The number of refugees and new migrants who reach Europe, escaping from wars or critical life conditions and looking for new life opportunities, has increased dramatically in recent years and is likely to continue growing in the coming years. These newcomers face many challenges in settling into Europe and among these are the obstacles to accessing the labour market or continuing their studies.
Migrants and refugees are in practice often prevented from enjoying their rights by many legal and practical barriers. This also represents an obstacle to their integration in hosting societies. One of the main challenges newcomers and refugees face is that, although they are often educated and skilled, their competences may not be recognised in the host society. There are many reasons for this: their skills and knowledge may not fit into predefined bureaucratic policies and procedures; documentation is lacking; or the curriculum they followed does not match certification structures in the host country. This hinders their access to the labour force and to continuing their studies, jeopardises their chances of fully integrating in the new society as citizens, and represents a source of discrimination and social marginalisation. The main purpose of the VINCE project is to adapt existing proven methods to include disadvantaged people in higher education (HE), so that they meet the needs of the newcomers.
An efficient assessment of migrants' and refugees' prior learning can be critical in enabling them to access the labour market and/or continue their educational studies and improve their qualifications. Recognising and validating the skills and competences acquired through non-formal and informal learning supports the social inclusion and empowerment of migrants, who often have limited opportunities to access formal education. The process of validation of non-formal and informal learning helps to bridge educational inequalities, and offers further pathways for the development of the skills needed in life and in the labour market. Furthermore, by being given the chance to describe their educational and employment experiences and supported in a reflection and analysis of their prior learning, they will be enabled to begin to establish links between that and future opportunities for in education and work, bridging the gap between past and future.
Aims of the project
The main aim of the VINCE project, which will start in December 2016, is to train professionals to make the necessary adaptations to existing practice of validation of non-formal and informal learning, so that they will effectively meet the needs of refugees and newly arrived migrants. There are 3 particular features which need to be reviewed and adapted:
The first of these relates to documentation: practice to date has been able to use documentation of formal qualifications, of relevant work experience and various forms of informal learning as a tool for constructing some form of portfolio of evidence of learning for the assessment process; and such documentation even if not immediately available, has always been relatively easy to obtain. However, it is unlikely that refugees and newly arrived immigrants will have such documentation and even more unlikely, especially if they come from war and conflict zones, that they will be able to obtain it, so alternative strategies will have to be developed.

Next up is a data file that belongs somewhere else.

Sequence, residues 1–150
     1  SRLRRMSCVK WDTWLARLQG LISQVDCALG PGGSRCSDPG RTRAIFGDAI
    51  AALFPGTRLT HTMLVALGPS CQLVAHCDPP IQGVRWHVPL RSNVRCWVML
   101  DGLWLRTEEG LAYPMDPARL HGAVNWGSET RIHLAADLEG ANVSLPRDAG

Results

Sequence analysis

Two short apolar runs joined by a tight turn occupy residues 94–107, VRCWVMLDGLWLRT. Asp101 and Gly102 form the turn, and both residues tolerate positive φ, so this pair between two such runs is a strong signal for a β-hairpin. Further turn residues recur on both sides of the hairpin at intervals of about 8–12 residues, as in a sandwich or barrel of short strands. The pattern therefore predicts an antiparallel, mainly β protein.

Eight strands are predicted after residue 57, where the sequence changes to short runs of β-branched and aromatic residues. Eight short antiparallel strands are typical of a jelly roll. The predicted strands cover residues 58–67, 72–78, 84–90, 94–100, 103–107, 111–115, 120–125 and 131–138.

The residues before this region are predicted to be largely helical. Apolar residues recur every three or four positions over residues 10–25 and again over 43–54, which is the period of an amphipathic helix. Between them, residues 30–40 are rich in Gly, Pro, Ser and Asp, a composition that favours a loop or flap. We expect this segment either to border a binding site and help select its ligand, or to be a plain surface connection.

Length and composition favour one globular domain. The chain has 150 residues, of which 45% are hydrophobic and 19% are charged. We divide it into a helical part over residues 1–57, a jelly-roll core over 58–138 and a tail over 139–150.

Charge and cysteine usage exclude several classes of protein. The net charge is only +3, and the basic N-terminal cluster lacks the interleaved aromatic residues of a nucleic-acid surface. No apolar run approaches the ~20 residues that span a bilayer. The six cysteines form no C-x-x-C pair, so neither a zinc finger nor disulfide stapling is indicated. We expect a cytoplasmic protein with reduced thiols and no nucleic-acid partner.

The second feature is that VNIL current practice has focussed on non-traditional learners of the country in which the HEI is located, therefore although the candidates often need additional support to familiarise themselves with the procedures and expectations of HE they usually have an understanding of the national culture. In this respect newcomers will be additionally disadvantaged by a lack of familiarity with Europe in general, with the host country, and with the procedures, expectations and language/terminology of HE. Additional advice, guidance, access/induction and language support will therefore be needed.
Thirdly, the overall approach, including bureaucratic, linguist and psychological support, may need further adaptation to meet the specific needs of refugees and new migrants, often from conflict zones and difficult personal and family circumstances.
The project will develop four major outcomes:
- A set of Guidelines, comprising introductions to EU higher education, participating higher education institutions as well as validation schemes and procedures in place.
- A training course and tools for the validation professionals working with newly arrived migrants and refugees, following the 4 stages of validation set out in the CEDEFOP guidelines.
- A set of policy recommendations targeting at EU/national decision makers and higher education institutions to bring about an efficient validation system which takes into account newly arrived migrants and refugees’ situation and needs, improving their chances to enter the labour force
or continue their studies in their host country.
- An interactive platform, which will encourage validation professionals to share knowledge and experience and, exchange with other professionals.
The VINCE project partnership is composed of 13 partners, comprising different types of organisations from various sectors: Higher education institutions, VET providers, NGOs, Associations/European-wide networks and an independent Quality Assurance Agency under a Ministry of Education and Research. The project is coordinated by EUCEN, the European Network of Higher Education Institutions.
VINCE has been awarded for funding in the framework of the Erasmus+ programme of the European Union (KA3 | Initiatives for policy innovation - Social inclusion through education, training and youth).
Link to VINCE Website